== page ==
When I was in middle school, once a year we would all board busses and head to the local stadium for field day. We would all compete in various track and field events, and a small number of students would get blue ribbons for winning an event. Everyone else got red ribbons. They were then, as they are now, “participation ribbons”. (I’ll bet some of you did not know that the odious “”participation award” dates as far back as 1980. Oh well, nihil novi sub sole.)
I’m not entirely certain why the rest of us were recognized. We did not run faster, jump higher, or throw farther than anyone else. Our major accomplishment on Field Day was not getting lost between the busses and the stadium. Even though I had been raised in liberal house, there was enough common sense stirring in me back then to know that a blue ribbon was better than a red one and that discernible success was better than well, just showing up.
And so after the first such Field Day, I came home and displayed my red ribbon to my parents with the explanation that in our field day, first place contestants got red ribbons and not blue ones. Never mind that the ribbon was stamped with the word “PARTICIPIANT” in large gold letters.
In the real world, there are winners and losers. Ability is arguably the product of two things: 1) God-given ability to perform and 2) The desire to succeed. The two are not mutually exclusive, and it could be argued desire can trump natural ability.
As a lifelong Reds fan, I grew up enamored with the Big Red Machine, and like many kids in my era I was also a fan of Pete Rose.
And yes, I am aware of his betting scandal and that he has entered the world of reality television. But going back to the era when there still seemed to be giants in professional sports, Pete Rose was an astounding baseball player. But he wasn’t a natural. In the movie “4192 The Crowning of the Hit King” Rose stated that when he started playing baseball, he couldn’t run, and he couldn’t hit. He had to do it by his sweat and his drive. And he became not just a good ballplayer, but a great ballplayer, thus earning the nickname “Charlie Hustle.”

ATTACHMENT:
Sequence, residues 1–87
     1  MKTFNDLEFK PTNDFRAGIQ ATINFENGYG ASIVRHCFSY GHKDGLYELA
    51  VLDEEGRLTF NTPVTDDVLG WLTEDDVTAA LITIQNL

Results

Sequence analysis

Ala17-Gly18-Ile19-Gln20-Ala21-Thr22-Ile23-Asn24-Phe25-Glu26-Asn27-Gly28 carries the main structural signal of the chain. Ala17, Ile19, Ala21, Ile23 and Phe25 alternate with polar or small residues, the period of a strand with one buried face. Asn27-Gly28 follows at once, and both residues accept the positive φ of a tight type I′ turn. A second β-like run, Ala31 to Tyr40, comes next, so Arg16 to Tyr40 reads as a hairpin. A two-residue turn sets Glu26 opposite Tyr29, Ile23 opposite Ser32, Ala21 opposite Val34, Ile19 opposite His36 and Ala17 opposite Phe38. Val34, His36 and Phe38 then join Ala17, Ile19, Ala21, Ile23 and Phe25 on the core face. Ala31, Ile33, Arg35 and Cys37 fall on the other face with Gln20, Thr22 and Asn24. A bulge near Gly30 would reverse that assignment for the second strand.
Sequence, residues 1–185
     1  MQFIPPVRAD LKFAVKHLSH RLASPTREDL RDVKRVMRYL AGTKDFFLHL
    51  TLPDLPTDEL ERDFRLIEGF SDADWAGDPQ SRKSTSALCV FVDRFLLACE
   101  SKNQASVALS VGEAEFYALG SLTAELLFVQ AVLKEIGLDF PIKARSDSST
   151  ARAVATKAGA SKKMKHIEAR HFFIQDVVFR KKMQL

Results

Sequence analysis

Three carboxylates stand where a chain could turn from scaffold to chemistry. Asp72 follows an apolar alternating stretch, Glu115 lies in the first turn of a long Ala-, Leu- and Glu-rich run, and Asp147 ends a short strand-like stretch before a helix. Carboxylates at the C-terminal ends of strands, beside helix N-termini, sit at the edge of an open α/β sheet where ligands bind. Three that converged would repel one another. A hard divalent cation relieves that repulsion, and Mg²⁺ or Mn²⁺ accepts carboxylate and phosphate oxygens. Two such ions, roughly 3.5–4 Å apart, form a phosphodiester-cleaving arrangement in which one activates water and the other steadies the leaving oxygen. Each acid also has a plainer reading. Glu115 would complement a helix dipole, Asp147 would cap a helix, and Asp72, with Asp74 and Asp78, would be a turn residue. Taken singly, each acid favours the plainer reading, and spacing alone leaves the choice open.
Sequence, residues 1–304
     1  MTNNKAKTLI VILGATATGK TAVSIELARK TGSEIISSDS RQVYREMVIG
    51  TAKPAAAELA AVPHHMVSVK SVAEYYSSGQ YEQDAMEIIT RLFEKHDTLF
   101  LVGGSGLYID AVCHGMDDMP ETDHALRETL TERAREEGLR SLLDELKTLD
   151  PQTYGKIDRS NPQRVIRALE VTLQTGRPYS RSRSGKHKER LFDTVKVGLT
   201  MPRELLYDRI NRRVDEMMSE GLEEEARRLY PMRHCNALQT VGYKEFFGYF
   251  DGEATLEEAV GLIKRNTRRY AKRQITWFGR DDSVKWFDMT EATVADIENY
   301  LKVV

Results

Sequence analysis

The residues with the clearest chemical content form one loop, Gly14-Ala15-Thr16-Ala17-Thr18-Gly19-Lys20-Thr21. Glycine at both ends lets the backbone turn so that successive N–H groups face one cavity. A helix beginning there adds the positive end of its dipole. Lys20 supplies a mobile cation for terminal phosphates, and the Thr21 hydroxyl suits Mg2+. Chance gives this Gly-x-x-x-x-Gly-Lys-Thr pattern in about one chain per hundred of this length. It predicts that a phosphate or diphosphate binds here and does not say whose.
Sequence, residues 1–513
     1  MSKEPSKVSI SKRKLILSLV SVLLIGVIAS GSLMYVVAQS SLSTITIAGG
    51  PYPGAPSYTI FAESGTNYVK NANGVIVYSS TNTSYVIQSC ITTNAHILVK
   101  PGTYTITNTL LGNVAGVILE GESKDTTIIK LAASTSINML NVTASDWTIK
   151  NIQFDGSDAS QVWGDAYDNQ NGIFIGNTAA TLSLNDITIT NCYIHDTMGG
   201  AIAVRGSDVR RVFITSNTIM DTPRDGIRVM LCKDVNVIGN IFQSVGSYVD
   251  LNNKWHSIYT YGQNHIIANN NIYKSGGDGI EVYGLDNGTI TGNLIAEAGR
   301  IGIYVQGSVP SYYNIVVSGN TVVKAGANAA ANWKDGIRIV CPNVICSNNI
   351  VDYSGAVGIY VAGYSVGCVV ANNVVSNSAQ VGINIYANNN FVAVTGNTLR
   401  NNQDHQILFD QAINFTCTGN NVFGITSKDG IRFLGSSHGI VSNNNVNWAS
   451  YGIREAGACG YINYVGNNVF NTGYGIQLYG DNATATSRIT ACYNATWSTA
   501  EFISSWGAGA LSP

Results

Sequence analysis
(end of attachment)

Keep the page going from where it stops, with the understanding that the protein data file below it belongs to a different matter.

Rose understood that you don’t make it to the World Series by successfully finding the clubhouse, or by merely participating. To win, one must be better than one’s competitors. And if one does not win, one must divine why, and work to improve so that one can win.And if that is not possible, one should find another activity. Or become obsolete.
With that in mind, what lessons are being imparted by the decision of the Northern California Youth Football League to enforce its “Mercy Rule”? Simply put, the rule dictates that if a team wins by 35 points or more, that team is fined 200 dollars and the coach gets a one-week suspension. There is also an option to replace the first string with the second and third string if the score appears to be in danger of getting too high.
You can read the rule book here. You’ll want to scroll down to page 13.6
KCRA reports that while parents are ticked, league officials claim that kids were quitting the league because they were tired of losing.
The lesson being imparted to the winning team is that hard work and dedication means nothing (A la’ “You didn’t build that!”?) To the losers the message is that a loss is someone else’s fault. All in the name of fair play and preserving self-esteem.
In Kurt Vonnegut’s collection of short stories “Welcome to the Monkey House” there is a story entitled “Harrison Bergeron” It is set in an America in which all people are not created equal but are made so. The physically attractive must wear masks or clown noses so as to not hurt the feelings of the less aesthetically pleasing. Those with higher I.Q.s are forced to wear headphones over which loud noises are broadcast, designed to disrupt their thoughts.People who are physically strong are shackled with weights to make certain they do not outperform their peers. The title character rebels against these laws, and is ultimately shot dead by the Handicapper General, Diana Moon Glampers.
Vonnegut had a flair for satire, and apparently prescience. Although the Golden State has no Handicapper General, it would appear that the groundwork for the policies is being laid.